I spent a good chunk of Friday drinking at the Cambridge Innovation Center attending the Boston Simulcast of the Startup Lessons Learned Conference (#sllc) Oh, I mean drinking from the proverbial firehose.

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While every talk was pretty good, I am first going to summarize those from which I learnt the most (in the order in which they appeared in the conference). You may also want to check out the list of my tweets from the conference. This is Part of 1 of the Lessons that I learned from the conference. (Update : Part 2 never materialized because I was busy "getting out of the building" and building awesome scanner software that people are willing to pay fo)

  • *Kent Beck on *To Agility and Beyond: Kent made a case that the  "Build" -> "Measure" -> "Learn" loop is actually backwards and that it ought to be "Learn" -> "Measure" -> "Build" or put more elaborately, it is to say :
  1. Make an assumption

  2. Identify how you will validate it, and

  3. Build something to validate it.But as  Ash Maurya comments on Kent's blog post, I think the loop is just as fine, depending on your definition of "Build" (Build can be something as small as a dummy landing page or a mockup). The larger takeaway for me was how Kent expanded the Agile Manifesto to Customer Development. Specifically, these extension points were the most interesting to me.

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And finally, Kent highlighted that Good engineering is not the same as Good Startup Engineering. Good Startup engineering involves making the transitions from "hack" mode to "scale" mode to "optimize" mode, transitions which define the success of a startup.

  • Ash Maurya on **Continuous Deployment: I was originally amazed when I first read about Eric Reis mention 50 builds a day. **My most important takeaway from this was that it is not necessary to think of continuous deployment as a mega project. In fact, that is against the spirit of being lean. Start somewhere meaningful, and keep chipping at it.

  • IMVU Team on Scaling Customer Development : This was the most informative talk of the conference. It was great to get insights into a how a moderately big-size company does Customer development and if the concept Scales. Well, it does! But you have to watch for some traps.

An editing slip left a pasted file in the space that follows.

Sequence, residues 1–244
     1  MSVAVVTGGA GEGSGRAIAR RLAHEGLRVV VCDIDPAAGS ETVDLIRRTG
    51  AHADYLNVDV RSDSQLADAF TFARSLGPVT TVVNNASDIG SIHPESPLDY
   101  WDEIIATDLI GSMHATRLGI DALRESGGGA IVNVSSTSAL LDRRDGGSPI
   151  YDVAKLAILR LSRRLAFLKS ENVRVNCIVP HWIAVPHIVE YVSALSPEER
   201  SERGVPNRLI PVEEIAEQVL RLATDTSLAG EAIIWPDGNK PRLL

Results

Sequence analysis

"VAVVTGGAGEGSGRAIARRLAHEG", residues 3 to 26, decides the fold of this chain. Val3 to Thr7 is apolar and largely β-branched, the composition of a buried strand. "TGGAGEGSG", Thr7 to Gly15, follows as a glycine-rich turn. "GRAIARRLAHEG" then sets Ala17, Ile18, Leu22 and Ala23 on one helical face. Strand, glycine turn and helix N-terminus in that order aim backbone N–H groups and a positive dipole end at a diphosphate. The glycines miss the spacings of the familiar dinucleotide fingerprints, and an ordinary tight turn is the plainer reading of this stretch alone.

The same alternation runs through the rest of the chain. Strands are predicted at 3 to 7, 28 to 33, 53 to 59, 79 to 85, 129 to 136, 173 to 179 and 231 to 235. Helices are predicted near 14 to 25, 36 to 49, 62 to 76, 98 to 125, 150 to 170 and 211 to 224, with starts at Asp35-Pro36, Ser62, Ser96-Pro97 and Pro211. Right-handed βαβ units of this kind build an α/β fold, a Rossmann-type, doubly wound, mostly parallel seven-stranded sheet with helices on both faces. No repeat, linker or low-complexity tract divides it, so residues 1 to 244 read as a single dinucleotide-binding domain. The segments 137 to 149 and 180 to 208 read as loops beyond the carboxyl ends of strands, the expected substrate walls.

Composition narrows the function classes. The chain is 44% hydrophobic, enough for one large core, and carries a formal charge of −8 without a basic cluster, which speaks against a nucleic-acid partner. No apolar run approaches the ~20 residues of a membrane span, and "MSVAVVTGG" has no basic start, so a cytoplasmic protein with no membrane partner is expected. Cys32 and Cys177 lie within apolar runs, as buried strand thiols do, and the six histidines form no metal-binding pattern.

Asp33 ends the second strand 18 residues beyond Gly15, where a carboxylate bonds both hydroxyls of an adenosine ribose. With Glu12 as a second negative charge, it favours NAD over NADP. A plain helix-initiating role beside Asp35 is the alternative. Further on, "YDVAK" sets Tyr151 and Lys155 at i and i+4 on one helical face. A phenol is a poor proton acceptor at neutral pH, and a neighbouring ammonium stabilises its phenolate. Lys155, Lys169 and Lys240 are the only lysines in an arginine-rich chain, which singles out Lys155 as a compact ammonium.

1. Too much emphasis on customer facing changes will likely increase technical debt: I can definitely related to this. This is precisely while we have instituted a "Kaizen Sprint" at OfficeDrop. The Kaizen Sprint is a short sprint at the end of every 3 sprints, with the goal of reducing the technical debt accumulated during the prior sprints.

  2. "Big bet" projects could become next to impossible and a missed opportunity : Yep. When your "radar" is defined by two sprints ahead and you are constantly thinking "Minimum Viable Product", you absolutely run the risk of doing this. One way to mitigate the effect of such narrow/sharp focus is to institute "hack weeks"  (or the Atlassian-inspired variation - FedEx Days that we do at OfficeDrop). Developers can work on whatever they want for that time period and at the end of that, the Product Owner decides on incorporating it back in the product or adds it to the backlog.[Update : Thanks @bdurrett for links to the slides and video from the conference]

  • *Eric Reis' chat with Randy Komisar : *This was the highlight of the conference for me. Randy's "sage-advice" was that once a startup gets funded, the business plan goes to the trash and gets replaced by a Business Dashboard. No, there is no template for that Dashboard, because that would then be relegated to the same usefulness as the plan. Fundamentally, the dashboard culturally represents your company, is relevant to your industry _AND most importantly, _is helpful to you to provide  a sense for where the company is headed. Here are the key components of what should be in a Dashboard
  1. Your "leap-of-faith" questions: These are the fundamental questions that will determine if your product will succeed. For example, for the Sony Walkman, the question was whether people would stick in headsets in a subway, rather than talk to other people.

  2. What you measure to track those questions: These would include the typical vanity metrics, but also those that are specific to your product / business

  3. What are your alternatives if you don't track against those metrics : This basically forces you to ask the question of "Do we pivot"?

I still have a ton of goodness to write about, including wicked cool stories about Aardvark, KISSMetrics, DropBox and an inspirational talk by Steve Blank. Some teaser questions for you until then (one easy, one not-so). Do you know who founded GM? Do you know who was the rockstar CEO of GM in the early 20th century?

Seasons

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